November 04, 2020

Why we shouldn't take p-values literally

PSA: if you read a paper claiming p<0.01, you shouldn’t automatically take that p-value literally.

By definition, a p-value is the probability of getting a result at least as extreme as the one in your sample, assuming the null hypothesis H0 is true. In other words, assuming H0 is true, if you collected many more samples, and ran the same testing procedure, you’d expect to find that p% of the results are more extreme than the original result. Notice: this requires running the exact same test on every sample.

This is equivalent to preregistering your test. If, instead, you first looked at the data before designing your test (to check for correlations, try different dependent variables, or even engage in outright p-hacking), you would violate the definition. In this data-dependent testing procedure, for every new sample you collect, you look at the data and then choose a test. That is, for every new sample you would potentially run a different test, which contradicts the requirement to run the same test.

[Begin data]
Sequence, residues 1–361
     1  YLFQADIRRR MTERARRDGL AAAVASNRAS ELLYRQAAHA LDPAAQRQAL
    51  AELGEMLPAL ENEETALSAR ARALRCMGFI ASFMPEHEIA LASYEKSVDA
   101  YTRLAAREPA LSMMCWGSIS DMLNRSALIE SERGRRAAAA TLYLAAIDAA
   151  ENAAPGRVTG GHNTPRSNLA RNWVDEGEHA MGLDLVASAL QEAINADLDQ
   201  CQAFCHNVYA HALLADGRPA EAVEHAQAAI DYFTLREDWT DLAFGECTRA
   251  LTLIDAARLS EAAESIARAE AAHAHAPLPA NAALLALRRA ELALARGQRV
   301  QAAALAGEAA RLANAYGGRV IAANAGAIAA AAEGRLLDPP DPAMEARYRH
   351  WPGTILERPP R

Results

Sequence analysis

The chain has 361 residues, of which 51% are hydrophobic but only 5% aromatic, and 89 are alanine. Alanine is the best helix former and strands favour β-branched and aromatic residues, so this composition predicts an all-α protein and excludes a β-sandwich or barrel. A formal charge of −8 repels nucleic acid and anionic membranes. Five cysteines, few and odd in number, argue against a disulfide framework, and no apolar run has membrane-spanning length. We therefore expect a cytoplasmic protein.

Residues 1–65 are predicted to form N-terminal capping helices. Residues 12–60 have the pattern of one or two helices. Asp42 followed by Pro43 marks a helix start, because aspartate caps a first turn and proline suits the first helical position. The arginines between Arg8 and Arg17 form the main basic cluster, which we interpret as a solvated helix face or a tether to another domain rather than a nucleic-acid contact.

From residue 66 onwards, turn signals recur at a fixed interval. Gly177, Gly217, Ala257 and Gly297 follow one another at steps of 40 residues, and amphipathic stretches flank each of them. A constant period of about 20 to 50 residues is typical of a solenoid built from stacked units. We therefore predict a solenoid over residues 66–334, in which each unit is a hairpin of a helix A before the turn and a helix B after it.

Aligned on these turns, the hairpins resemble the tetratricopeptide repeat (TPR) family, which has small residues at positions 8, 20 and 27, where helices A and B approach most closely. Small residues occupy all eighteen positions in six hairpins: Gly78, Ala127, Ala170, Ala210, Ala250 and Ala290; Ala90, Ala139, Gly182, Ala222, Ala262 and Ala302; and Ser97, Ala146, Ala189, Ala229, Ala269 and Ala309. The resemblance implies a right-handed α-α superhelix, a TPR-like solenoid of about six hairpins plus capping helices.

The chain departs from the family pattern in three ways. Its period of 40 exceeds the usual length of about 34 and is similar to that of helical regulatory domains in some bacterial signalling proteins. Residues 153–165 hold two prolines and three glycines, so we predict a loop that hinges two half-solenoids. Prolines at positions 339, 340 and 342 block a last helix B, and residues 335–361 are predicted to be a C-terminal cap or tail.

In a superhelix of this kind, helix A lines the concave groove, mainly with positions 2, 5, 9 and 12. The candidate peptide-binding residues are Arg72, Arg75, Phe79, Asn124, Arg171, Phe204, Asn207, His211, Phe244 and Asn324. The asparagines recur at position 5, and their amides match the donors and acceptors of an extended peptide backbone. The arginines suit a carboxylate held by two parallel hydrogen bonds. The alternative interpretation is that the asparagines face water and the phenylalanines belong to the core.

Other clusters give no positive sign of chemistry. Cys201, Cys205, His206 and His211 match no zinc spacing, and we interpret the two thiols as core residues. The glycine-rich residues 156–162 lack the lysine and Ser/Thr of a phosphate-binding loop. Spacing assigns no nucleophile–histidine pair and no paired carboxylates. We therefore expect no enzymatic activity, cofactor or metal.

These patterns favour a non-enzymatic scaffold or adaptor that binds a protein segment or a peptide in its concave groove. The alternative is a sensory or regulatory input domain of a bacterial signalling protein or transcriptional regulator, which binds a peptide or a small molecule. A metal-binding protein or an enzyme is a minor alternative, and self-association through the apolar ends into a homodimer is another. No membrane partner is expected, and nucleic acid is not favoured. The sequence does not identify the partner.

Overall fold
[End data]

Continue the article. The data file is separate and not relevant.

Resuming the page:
Hence, the burden of proof lies with the researcher to convince us that, given a new sample, they would run the same test. Preregistration is the easiest way to do this: it guarantees that the researcher chose their test before looking at the data. But if the hypothesis is not preregistered, and looks like the garden of forking paths, then we should feel free to reject their p-value as invalid.

For example, suppose a paper reports a null average effect and poorly-motivated p<0.01 interaction effect. This looks suspiciously like they started out expecting an average effect, didn’t find one, so scrambled to find something, anything with three stars, then made up a rationalization for why that interaction was what they were planning all along. But obviously this is data-dependent testing. We have little reason to believe that the researcher would run the same test on other samples. Hence, we also have little reason to take the p-value seriously.

Lesson: consumers of non-preregistered research need to do more than just look at the p-value. We also have to make a judgment call about whether that p-value is well-defined.